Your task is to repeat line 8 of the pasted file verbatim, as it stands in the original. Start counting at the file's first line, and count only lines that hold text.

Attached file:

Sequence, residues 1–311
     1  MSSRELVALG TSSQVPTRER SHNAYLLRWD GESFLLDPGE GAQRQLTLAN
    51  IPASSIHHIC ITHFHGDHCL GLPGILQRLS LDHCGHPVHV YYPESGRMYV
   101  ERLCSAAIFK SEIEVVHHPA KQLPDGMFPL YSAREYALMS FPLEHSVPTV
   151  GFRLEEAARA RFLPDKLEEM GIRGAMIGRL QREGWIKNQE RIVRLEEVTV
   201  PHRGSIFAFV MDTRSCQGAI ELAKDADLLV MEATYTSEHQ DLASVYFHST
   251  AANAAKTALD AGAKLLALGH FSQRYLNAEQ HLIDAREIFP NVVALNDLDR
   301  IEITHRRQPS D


   301  IEITHRRQPS D